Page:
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Tags: ASEAN , China , Diplomacy , Maritime Disputes , Philippines , Summit , territorial disputes

  • Alikabok Ni Procopio

     China is not using UNCLOS… in fact, they’re moving against. It’s clear that with UNCLOS, China has ZERO rights to the SEA, specially with Kalayaan/Panatag islands.

    • PurpleDaisy13

      re: “It’s clear that with UNCLOS, China has ZERO rights to the SEA, specially with Kalayaan/Panatag islands.”

      Everyone has ZERO rights to Panatag island (Scarborough Shoal).  UNCLOS is not meant to be used to acquire rights to claim “islands”.  It is meant to acquire territorial rights to claim “sea water”.

      Hence, UNCLOS stands for United Nations Convention on the Law of the Sea.  Not the Law of the Islands.

  • Alikabok Ni Procopio

    You are right about Cambodia’s aim to feed their people… They need China to do this.

    And at some point they hate Philippines… Because a long time ago this heroic nation sided with US to destroy communism in Vietnam  :)

    • AFPako

      Cambodia will survive bec they have plenty of farm lands . Pinas will not survive in case of a catastrophic food shortage. Kinamkam na sa mga politiko nyo ang mga farmlands halos ginawang basurahan.

  • Alikabok Ni Procopio

    Wrong bond… Tibet is never China… They are Tibetans… and even now they claim independence from China… Your nation.

    • AFPako

      Kayumangmangs were never part of Pinas. Kayumangmangs belong to Champa shztdom down in Indo Malayo Macacaland. 

  • http://profile.yahoo.com/ZLZF3S4KAAM7FT2FOFQBQUHEMM Lahi

    Pag dumating na ang time natin na mag-host sa ASEAN ay huwag papasukin ng Pilipinas ang mga delegates ng Cambodia at ngayon pa lamang ay putulin na natin ang pakikipag-ugnayan sa traydor na bansang Cambodia.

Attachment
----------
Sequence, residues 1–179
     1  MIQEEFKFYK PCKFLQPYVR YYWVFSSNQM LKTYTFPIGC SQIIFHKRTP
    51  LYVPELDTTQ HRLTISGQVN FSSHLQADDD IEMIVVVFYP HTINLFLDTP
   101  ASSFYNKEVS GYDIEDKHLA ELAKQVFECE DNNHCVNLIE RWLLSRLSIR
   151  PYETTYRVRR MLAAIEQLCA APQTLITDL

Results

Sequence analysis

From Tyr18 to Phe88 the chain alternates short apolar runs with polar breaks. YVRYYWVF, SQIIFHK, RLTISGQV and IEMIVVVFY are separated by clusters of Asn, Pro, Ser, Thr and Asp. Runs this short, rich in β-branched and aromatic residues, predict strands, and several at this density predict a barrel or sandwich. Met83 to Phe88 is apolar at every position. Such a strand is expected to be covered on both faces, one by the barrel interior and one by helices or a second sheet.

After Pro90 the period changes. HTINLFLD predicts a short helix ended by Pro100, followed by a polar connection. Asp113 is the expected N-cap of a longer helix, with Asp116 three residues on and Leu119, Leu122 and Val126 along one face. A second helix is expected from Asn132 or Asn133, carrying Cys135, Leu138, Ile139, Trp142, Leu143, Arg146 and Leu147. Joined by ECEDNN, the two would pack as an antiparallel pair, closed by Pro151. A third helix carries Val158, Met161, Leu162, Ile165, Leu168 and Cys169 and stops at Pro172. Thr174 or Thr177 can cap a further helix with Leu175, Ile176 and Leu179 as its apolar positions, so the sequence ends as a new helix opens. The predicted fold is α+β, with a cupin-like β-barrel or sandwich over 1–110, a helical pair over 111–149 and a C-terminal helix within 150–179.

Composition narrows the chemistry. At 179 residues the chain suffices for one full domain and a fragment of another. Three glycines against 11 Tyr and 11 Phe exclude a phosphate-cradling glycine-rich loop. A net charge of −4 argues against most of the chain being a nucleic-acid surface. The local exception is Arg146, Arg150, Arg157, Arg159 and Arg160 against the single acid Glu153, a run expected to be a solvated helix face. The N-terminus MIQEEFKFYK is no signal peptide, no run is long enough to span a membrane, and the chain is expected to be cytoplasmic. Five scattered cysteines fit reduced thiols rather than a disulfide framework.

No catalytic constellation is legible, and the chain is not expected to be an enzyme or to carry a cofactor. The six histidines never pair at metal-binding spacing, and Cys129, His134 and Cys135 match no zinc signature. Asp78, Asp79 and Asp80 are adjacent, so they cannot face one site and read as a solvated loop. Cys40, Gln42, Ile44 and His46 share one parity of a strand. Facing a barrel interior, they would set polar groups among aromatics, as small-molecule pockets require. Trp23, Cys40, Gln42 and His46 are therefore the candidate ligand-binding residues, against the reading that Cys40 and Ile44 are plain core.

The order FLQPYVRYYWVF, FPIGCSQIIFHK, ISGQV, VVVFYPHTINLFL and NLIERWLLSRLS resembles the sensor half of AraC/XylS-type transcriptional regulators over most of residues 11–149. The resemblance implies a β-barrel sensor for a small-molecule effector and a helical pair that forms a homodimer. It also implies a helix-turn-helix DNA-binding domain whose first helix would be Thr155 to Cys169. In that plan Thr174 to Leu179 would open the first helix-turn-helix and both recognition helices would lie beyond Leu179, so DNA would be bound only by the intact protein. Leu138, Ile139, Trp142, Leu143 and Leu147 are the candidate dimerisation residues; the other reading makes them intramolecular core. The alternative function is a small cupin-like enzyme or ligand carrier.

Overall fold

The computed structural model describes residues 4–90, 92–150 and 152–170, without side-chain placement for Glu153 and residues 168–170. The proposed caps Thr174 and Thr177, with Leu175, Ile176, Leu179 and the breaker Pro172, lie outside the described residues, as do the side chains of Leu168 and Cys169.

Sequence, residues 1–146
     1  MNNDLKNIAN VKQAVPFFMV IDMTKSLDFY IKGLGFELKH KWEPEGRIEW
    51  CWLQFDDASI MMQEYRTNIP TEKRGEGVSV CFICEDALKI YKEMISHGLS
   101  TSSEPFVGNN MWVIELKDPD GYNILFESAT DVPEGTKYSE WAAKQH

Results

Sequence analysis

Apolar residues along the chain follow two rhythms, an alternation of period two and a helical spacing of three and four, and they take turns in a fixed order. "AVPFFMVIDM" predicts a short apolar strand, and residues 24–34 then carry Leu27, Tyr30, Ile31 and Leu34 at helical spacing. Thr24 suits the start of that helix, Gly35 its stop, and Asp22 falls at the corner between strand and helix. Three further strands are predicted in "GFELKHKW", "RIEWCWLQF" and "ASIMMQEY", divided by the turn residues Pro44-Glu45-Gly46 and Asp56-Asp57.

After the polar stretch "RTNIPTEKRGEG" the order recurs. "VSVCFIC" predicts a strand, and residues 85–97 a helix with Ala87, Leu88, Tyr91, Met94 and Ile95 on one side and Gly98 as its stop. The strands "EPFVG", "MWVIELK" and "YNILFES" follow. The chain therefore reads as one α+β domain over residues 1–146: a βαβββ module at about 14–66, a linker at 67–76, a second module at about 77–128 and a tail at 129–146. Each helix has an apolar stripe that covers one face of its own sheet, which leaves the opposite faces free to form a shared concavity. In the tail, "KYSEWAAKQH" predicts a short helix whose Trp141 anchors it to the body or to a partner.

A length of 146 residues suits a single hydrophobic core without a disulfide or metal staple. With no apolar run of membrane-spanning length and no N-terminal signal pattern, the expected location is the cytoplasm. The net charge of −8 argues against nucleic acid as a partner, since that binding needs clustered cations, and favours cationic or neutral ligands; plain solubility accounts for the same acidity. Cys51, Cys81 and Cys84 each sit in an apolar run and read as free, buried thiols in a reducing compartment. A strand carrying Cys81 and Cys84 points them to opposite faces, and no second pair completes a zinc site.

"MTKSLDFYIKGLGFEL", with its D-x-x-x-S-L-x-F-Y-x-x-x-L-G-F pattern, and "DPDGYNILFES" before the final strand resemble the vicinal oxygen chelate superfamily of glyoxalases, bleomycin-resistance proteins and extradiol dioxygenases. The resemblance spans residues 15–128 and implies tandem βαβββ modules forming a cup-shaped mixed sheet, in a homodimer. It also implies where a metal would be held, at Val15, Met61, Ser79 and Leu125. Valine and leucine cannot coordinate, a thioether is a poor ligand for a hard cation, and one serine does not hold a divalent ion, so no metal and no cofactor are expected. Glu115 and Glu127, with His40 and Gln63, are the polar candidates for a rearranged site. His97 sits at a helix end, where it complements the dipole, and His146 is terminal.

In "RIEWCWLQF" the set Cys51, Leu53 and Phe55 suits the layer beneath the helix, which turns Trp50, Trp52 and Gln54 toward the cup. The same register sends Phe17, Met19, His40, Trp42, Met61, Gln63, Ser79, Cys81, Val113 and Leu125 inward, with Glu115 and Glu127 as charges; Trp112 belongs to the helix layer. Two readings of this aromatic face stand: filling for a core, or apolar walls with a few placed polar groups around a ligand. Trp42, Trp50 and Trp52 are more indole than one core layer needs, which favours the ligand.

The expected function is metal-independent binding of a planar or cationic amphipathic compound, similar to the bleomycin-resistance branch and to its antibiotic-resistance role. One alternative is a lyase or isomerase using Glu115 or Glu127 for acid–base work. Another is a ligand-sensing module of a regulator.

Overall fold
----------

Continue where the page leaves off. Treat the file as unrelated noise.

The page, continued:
• AFPako

      Just like what these racist WHite Powers of the past did to arbitrarily take lands and kill people at will and employ their dirty tricks by hook or crook, China will make sure they cannot bully again.  China is just doing a kind reciprocity to these dying empires of the west. Kayumangmangs are just in a bad spot right now holding on to white daddy O.

      • verjomar

        Humanity had already moved on from the mistakes committed in the past. If your Chinese mindset of economic development and progress means global domination so that you can get even, are you sure the world are that naive to allow it? Remember life is too short to be spend in hatred and fighting. 

      • AFPako

        Yan ang problema mo , napaka naive. Pag ibahin mo yan isip mo . In the real world, things are gonna be black and white and no in between. . Just look at whats going on in Gaza, the Israelis are very powerful and they are treating the Palestinians like ghetto people confined in a very crowded place.,  Kawawa mga ito.  Palestinians are no match to power of IDF  , 

        That is a fact of life, if you are weak , you will be bullied . Good bye ka. The same thing happened to China during Qing Dynasty, much of the powerhouse of the time like the Imperial Brits coerced China to give up HK and flood China will shzt opium. 
        Anyway  moving forward today China has the means to whup someone’s azz if they try to bully and attack China. Then that bully will not try to do it , right ? The only thing the west respect is when you are powerful. If not, they will bully you anytime and anyday.China is not attacking any nation unless attacked upon or threatened. If its territories are under threat then it will defend it. This talk of China being the bully and hungry for world domination  are  black propaganda.  
        The west used bully tactics before and if China bully back, they will call you the aggressor. These people will never respect China bec they were and will always remain bullies. Bullies need to be treated like bullies.  What do you expect China do?  Be bullied , no way….

        Like what the Jews hold on to, An eye for an eye. A tooth for a tooth. 
        The Palestinians fire rockets to Israel, the Israel fires back.  Its the nature of the beast.